In view of the above, it would be hard to label Sevastianov a bad manager. In other words, Roskosmos played down the real economic success of a company in which the government holds a 38 percent stake. Apparently, the “program differences” between the Energia chief and Roskosmos were more important for the latter.
What are those disagreements? Speaking about his removal from Energia, Sevastianov said that his plans for manned space flights had disagreed with the official position of Roskosmos. “Last year we announced a four-stage program that included manned missions to the Moon and Mars. The majority of specialists backed our program. The missions were high on the agenda in Korolev’s time, so why should not we give it a try these days? Roskosmos believes the projects are far too daring. So we fell into disagreement with regard to the goals of manned space program,” Sevastianov said.
Aside from promoting lunar manned exploration plans, which Roskosmos said should be postponed till the 2020s-2030s, Sevastianov also called for the development of a next-generation manned spacecraft. According to him, the world’s space exploration dynamics clearly indicate that a country which develops state-of-the-art space transportation systems will certainly take the lead in space exploration. Several countries are currently developing space transportation systems, which are bound to replace Soyuz and Progress spacecraft built in the 1960s, in Korolev’s time.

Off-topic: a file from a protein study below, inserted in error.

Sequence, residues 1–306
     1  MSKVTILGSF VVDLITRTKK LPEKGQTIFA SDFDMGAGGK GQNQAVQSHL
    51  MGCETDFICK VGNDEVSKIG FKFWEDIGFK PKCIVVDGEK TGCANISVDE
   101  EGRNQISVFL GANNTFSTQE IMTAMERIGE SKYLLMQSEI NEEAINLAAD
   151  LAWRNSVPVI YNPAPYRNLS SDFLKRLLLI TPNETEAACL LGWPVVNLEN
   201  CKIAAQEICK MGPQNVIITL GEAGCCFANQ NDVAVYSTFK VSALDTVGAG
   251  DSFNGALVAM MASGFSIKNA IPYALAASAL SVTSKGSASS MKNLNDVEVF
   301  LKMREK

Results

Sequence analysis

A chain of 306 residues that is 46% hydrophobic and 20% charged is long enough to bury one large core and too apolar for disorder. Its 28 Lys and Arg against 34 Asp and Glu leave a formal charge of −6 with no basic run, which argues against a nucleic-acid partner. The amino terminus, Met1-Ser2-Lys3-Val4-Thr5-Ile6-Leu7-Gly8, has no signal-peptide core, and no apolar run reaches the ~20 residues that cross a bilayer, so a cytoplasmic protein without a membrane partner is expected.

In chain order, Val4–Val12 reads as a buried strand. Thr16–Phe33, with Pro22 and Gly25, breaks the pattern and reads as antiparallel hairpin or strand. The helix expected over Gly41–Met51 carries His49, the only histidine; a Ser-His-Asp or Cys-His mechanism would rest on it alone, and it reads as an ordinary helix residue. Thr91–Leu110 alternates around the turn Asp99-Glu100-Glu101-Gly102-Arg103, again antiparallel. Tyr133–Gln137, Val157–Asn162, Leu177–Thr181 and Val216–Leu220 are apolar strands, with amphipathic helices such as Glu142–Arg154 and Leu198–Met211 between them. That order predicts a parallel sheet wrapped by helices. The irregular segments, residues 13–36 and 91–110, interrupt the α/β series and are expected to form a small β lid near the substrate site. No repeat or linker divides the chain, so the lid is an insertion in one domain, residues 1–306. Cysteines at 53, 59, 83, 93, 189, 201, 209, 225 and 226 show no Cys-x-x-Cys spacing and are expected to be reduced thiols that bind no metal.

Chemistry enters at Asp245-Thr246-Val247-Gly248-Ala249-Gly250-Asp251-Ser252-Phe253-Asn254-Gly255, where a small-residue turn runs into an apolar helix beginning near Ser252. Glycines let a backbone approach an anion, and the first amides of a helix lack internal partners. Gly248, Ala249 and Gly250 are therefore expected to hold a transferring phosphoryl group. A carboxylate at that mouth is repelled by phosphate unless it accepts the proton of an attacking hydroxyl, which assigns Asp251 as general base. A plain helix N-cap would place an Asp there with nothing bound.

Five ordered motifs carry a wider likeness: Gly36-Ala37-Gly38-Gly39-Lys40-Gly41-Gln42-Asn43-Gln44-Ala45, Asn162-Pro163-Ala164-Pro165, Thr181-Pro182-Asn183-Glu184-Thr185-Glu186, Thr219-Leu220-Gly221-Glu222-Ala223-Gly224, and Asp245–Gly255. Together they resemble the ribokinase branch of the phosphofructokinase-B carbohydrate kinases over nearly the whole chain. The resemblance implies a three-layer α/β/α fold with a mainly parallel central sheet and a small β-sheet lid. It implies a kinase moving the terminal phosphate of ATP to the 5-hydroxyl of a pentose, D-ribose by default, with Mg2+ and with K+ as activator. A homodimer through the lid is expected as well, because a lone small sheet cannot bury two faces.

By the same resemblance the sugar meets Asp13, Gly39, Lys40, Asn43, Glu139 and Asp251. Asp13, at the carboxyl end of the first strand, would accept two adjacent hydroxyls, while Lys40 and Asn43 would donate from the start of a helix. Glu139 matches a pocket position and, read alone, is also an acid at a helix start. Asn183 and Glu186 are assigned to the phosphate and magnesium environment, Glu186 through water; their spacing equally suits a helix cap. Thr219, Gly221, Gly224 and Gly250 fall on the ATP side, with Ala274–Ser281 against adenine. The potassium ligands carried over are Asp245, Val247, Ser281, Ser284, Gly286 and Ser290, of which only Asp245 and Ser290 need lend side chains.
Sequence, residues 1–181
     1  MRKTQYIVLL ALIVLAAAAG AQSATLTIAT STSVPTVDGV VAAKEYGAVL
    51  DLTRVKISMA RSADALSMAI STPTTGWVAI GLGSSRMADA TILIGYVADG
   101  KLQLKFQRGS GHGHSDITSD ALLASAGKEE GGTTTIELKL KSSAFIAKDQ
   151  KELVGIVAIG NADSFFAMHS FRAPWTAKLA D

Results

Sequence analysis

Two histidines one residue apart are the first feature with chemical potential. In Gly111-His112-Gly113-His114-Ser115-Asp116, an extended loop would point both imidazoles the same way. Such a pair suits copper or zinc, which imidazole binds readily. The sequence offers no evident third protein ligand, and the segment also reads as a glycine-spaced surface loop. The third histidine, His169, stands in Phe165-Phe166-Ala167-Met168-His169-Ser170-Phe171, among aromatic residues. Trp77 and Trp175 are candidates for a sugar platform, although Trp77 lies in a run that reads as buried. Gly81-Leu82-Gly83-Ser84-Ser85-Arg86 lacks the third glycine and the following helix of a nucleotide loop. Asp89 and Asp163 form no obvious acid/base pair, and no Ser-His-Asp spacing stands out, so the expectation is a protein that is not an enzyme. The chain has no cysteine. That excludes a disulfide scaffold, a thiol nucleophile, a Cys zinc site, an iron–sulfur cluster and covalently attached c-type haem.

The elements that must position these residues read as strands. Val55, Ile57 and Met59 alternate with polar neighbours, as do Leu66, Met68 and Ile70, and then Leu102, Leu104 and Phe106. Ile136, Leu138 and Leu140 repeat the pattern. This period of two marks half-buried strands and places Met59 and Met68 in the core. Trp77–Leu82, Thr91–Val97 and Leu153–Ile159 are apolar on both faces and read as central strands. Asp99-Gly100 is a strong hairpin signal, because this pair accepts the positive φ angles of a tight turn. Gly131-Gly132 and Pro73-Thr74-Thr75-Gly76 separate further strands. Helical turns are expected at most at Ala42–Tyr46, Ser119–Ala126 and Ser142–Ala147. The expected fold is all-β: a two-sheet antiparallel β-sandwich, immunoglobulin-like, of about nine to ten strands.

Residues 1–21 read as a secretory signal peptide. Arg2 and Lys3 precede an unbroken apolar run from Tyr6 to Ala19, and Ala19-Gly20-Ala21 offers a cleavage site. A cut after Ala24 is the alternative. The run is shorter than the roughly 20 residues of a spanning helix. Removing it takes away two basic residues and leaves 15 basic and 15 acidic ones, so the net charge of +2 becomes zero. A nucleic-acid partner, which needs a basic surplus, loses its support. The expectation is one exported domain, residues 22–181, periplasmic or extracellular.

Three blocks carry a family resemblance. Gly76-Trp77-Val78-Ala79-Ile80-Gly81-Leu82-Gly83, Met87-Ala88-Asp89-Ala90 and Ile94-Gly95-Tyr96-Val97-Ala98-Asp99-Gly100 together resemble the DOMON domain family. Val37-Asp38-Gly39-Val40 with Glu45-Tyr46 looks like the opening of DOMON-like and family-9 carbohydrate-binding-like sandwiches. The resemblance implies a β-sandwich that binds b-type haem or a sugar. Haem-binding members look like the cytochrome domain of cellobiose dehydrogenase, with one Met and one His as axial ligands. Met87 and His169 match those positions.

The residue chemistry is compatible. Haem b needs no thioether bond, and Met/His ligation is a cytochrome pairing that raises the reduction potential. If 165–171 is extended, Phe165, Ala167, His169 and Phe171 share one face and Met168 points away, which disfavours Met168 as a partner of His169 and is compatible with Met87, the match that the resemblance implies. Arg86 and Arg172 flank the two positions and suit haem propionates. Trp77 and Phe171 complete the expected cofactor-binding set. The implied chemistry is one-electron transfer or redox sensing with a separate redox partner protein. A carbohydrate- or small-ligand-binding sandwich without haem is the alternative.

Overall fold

“Russia’s manned space exploration program will cease to exist in some 5-10 years if the situation remains unchanged,” said Sevastianov. He called for the development of the Klipper program (Klipper is a next-generation manned spacecraft designed by RSC Energia). Yet again, Roskosmos had a different opinion on the Klipper program. The agency opened a tender for a new spacecraft but later revoked it. According to Perminov, the new spacecraft program can wait, and the Russian space industry should focus on the modernization of Soyuz spacecraft.
It is quite clear that money is a prime motive for Roskosmos when it comes to planning. The agency has to adjust its plans to the amount of funds allocated by the Russian government for the national space industry. No doubt about it, new spacecraft will cost lots of money to design and build. Therefore, the agency will have to request for more funds and make the costs look reasonable. Agency officials will have to talk government officials into earmarking funds for the new projects. And nobody wants to fight with the government overfunds etc. It is a lot easier to stick to the original plans.